Non-Austen Films for Austen Fans

So if you are like me, you love Jane Austen:

You like to read her books and watch her movies:

 

There are a ton of different variations in books and film-but what about when you are done? What about when you finish watching every version of Jane Austen in film and have nothing else to watch?

Last year I started a series called Non-Austen Reads for Austen Readers, where I review books not written or based on Jane Austen, but ones I think Austen fans will enjoy. I decided to continue that and do a series on Non-Austen Film for Austen Fans (including TV shows as well.)

I haven’t decided if with the TV series I will review by episode or season, or just one review-I’ll have to play it by ear. But below are what I plan on reviewing!

The Buccaneers, Episodes 1-2 (1995)

The Buccaneers, Episodes 3-5 (1995)

Aristocrats (1999)

North & South (2004)

Under the Greenwood Tree (2005)

Stardust (2007)

Lark: Rise to Candleford (2008-2011)

Downton Abbey (2010-2015)

The Paradise (2012-2013)

The Crimson Field (2014)

Poldark (2015-)

Doctor Thorne (2016)

To All the Boys I’ve Loved Before (2018)

Dangerous to Know, Jane Austen’s Rakes & Gentlemen Rogues: MILD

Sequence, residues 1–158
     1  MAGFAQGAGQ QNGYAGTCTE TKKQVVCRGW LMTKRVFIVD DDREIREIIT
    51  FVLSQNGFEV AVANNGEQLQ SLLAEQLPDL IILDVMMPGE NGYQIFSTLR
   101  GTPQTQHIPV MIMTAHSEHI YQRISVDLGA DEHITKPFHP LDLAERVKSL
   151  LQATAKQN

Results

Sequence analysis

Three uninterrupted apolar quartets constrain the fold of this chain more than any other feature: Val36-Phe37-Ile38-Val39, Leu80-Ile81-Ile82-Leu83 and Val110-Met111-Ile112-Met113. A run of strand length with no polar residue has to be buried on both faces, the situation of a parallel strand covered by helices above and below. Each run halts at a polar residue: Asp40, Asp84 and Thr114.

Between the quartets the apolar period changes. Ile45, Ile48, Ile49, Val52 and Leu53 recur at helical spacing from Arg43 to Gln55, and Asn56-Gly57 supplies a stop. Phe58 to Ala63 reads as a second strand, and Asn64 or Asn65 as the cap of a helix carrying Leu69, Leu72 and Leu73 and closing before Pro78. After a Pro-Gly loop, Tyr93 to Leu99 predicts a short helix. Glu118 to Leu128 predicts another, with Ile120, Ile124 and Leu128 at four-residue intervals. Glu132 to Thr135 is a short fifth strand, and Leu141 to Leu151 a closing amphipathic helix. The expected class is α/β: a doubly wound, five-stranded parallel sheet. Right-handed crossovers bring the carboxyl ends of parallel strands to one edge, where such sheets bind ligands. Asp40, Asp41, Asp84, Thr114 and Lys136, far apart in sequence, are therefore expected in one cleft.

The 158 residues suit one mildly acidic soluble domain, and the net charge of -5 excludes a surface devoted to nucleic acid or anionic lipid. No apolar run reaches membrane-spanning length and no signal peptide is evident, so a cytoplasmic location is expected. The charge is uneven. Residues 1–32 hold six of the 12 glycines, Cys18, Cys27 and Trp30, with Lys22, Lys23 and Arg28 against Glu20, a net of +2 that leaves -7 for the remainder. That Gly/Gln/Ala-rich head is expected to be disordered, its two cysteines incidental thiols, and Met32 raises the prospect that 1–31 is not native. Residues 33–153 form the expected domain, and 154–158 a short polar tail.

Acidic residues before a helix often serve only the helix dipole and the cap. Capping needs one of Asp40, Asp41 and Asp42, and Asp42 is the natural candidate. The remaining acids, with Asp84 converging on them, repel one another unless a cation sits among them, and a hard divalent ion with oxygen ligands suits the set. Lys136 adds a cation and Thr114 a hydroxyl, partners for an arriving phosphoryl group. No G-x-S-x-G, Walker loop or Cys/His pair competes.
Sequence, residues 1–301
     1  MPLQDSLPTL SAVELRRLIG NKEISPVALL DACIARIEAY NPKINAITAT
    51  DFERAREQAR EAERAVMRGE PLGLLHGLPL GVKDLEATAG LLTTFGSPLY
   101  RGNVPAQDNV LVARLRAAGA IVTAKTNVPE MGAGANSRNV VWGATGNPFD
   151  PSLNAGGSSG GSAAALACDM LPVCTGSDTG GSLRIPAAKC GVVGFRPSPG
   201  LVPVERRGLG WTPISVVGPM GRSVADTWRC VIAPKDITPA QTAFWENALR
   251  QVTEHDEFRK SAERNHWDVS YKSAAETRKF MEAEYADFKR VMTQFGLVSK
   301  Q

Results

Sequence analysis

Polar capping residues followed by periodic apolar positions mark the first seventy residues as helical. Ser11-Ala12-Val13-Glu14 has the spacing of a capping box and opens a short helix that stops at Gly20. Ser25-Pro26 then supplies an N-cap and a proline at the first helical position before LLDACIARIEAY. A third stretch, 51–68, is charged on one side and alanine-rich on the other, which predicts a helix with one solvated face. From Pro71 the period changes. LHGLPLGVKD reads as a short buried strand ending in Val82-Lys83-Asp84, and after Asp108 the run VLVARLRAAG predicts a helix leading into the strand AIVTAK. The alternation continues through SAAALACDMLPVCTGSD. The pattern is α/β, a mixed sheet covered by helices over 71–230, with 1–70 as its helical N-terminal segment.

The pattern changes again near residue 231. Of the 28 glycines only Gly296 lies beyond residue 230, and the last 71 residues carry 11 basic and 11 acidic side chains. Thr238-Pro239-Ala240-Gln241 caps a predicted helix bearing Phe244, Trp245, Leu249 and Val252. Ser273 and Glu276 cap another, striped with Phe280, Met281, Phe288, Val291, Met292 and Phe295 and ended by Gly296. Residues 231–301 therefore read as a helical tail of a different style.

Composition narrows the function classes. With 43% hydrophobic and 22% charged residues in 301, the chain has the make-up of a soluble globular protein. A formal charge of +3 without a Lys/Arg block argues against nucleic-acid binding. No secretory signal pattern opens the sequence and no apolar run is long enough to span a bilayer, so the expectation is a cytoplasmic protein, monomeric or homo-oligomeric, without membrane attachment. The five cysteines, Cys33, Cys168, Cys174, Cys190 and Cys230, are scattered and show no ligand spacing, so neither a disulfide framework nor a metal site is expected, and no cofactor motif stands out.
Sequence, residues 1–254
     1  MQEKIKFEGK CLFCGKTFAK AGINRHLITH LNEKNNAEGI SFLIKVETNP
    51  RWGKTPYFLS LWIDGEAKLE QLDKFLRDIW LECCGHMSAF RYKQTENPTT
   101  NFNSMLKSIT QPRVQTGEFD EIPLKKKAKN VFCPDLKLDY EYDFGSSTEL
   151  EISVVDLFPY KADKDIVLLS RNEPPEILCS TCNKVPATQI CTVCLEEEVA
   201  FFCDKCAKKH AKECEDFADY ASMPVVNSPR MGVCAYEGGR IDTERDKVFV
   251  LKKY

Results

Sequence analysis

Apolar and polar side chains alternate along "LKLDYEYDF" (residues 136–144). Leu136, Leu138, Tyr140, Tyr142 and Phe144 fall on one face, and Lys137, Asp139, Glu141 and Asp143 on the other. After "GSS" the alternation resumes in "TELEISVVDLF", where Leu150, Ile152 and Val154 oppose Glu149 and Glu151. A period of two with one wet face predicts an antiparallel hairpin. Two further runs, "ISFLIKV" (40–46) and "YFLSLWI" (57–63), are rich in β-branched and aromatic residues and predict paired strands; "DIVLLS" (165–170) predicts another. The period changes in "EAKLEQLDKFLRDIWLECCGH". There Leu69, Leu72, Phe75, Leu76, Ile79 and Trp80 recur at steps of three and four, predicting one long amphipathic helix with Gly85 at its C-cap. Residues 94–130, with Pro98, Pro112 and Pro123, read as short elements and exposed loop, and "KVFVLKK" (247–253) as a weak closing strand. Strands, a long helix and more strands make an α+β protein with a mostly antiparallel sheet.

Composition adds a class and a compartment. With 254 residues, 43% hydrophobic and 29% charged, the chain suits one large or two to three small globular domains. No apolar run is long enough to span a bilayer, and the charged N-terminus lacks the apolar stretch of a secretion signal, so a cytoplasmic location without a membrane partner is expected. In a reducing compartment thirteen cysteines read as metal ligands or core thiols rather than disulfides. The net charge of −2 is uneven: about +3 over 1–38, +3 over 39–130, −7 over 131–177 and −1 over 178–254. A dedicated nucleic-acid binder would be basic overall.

So today is Jane Austen’s birthday!

And what better gift than a review of:

 

Dangerous to Know: Jane Austen’s Rakes & Gentlemen Rogues edited by Christina Boyd

So it’s that time again, bring out the bad boys:

For those of you who missed post oneDangerous to Know, is compilation novel of the bad boys of Jane Austen-Mr. Willoughby, Mr. Wickham, Captain Tilney, General Tilney, Mr. Elliot, Mr. Thorpe, and more.

Each story takes place before the Austen book, during the book, or after the book-giving us a look into these guys’ minds and from their point of view. One of the most interesting things about this subject is that we don’t know a lot about these bad boys in Austen’s work. Most of these men, besides Wickham, play a small role-but have a big impact. This allows the authors a ton of wiggle room and almost anything can happen.